I’m going to write a series of posts about the core elements of a decision model. This one’s about Levers: simulations of things you can change as you make the decision. We might also have called levers choices.
It can be confusing: you’d think that a decision model would produce the choices as output, not as input. Because it’s supposed to tell us what decision to make, right? But things are a little backwards: the right decision is the one for which the levers will set in motion a chain of events, that in the future will lead to a desired outcome. So from this point of view, the action of a lever belongs at the beginning of a decision model, not the end.
Imagine a domino, which once toppled starts a chain reaction leading to some result. You have a number of starting dominos to choose from, each of which leads to a different path. So the cause-and-effect chain moves forward in time from the levers, and so the right one to choose is the one that leads to the best outcome. So while the result of decision modeling is a choice of levers, the process of doing that modeling is to simulate a process in time that begins with the decision and the action representing the lever.
By convention, we draw levers on the left and outcomes and goals on the right.
A few examples will make this clear. Imagine a retail store chain is seeking to decide whether to install solar panels on its roofs. This decision will have an impact: on costs to the business for the panels, but also on savings in payments to the electrical grid down the road.
Or an African country is looking to cure AIDS. How much should it spend on medicine, and how much on training health care professionals to teach their patients how to use the medicine? This is a tough decision, because every dollar spent on training reduces the supply of life-saving medicine. Yet the medicine’s effectiveness will be drastically reduced if doctors aren’t taught how to teach their patients how to take it at just the right time every day.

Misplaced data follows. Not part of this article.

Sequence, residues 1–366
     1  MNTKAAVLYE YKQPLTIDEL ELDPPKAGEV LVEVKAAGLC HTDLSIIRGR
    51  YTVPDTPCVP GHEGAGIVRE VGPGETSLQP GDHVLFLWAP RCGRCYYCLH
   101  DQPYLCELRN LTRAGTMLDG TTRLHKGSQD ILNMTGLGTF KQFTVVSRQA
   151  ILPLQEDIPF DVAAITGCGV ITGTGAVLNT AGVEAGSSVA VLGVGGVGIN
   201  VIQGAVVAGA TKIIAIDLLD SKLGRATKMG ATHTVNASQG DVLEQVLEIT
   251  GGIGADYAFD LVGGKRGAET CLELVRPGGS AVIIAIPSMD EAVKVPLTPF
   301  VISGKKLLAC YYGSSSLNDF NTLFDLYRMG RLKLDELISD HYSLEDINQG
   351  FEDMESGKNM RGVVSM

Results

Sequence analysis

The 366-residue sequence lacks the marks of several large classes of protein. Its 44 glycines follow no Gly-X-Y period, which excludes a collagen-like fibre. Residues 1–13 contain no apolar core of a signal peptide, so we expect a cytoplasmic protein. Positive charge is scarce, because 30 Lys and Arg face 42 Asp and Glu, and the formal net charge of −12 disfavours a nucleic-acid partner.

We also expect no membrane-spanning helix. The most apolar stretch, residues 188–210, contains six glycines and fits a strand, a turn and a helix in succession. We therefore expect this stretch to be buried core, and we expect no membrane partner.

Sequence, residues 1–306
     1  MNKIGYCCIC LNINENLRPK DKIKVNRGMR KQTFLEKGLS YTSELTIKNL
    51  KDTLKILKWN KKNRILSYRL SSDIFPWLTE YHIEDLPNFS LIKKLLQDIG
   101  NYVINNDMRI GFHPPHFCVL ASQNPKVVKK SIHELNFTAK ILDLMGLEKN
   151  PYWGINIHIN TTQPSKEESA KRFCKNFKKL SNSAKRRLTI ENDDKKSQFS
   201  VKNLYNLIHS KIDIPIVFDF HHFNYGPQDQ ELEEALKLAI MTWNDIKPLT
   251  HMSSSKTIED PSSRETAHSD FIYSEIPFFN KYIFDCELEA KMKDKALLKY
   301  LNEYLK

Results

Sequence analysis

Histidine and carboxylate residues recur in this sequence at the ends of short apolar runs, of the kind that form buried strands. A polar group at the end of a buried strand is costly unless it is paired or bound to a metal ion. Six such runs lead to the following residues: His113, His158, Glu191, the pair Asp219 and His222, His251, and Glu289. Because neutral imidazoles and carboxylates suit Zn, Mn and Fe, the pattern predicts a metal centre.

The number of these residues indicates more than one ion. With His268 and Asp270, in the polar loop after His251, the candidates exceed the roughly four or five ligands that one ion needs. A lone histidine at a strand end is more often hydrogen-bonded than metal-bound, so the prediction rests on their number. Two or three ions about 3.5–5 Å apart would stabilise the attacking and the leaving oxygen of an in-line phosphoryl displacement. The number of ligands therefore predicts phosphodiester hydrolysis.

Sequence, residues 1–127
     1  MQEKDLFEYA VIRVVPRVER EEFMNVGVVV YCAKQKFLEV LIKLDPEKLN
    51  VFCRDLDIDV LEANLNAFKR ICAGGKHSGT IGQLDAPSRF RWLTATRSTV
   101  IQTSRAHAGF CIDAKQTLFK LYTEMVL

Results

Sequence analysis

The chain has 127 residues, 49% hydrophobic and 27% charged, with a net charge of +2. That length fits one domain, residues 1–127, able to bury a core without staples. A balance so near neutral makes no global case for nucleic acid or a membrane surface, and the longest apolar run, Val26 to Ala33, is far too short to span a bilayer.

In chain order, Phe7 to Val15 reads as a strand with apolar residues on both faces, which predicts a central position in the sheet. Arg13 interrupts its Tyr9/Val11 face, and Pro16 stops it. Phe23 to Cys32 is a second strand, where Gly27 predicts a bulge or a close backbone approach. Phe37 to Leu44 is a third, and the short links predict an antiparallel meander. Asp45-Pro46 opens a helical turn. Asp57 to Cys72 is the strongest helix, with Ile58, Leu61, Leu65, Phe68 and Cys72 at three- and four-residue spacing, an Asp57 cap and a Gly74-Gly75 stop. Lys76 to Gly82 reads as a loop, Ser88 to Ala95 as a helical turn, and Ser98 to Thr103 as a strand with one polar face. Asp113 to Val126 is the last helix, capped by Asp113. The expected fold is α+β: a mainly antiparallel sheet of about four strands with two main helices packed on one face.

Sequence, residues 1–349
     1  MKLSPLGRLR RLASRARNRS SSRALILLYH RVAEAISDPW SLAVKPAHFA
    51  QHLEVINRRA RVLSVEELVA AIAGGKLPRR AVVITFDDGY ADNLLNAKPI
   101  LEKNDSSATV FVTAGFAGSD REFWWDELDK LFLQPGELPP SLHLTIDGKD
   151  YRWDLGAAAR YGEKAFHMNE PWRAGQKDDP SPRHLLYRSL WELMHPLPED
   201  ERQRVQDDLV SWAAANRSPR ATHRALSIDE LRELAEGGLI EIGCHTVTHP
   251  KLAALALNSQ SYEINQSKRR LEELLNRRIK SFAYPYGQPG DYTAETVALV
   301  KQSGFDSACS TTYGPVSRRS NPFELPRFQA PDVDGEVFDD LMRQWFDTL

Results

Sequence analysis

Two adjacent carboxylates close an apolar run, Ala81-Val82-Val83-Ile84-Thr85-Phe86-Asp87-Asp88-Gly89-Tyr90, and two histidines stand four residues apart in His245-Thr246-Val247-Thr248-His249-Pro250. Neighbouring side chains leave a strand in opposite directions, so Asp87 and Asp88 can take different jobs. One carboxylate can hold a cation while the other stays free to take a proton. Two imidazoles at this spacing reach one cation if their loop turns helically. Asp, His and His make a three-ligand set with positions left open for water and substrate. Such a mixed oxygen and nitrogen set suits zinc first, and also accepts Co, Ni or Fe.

What about a product manager at a new software company? She has to choose the right price for the product, and the right launch market. To make this choice, she’ll model (either between her ears or using a tool like World Modeler) how the price will drive purchasing behavior, how the choice of market will drive launch costs and will interact with the price, and more.
One of the most widespread kinds of levers are investment decisions: how much to spend to launch this new initiative? Investments usually result in going “into the red” in the short term, in order to reap long-term benefits. So a good model—whether in the brains of investors or modeled explicitly using software—is essential to success.
As you can see, each of these decision levers is effectively a choice to be made. And the choice of the right lever is the goal of decision modeling. What’s different about this approach compared to many others is that the choice is treated in this approach as the prime mover in a complex system of cause-and-effect, which may include feedback effects, chaotic behavior, and strange attractors.
Want to learn more? Read about the top ten decision lever best practices here>>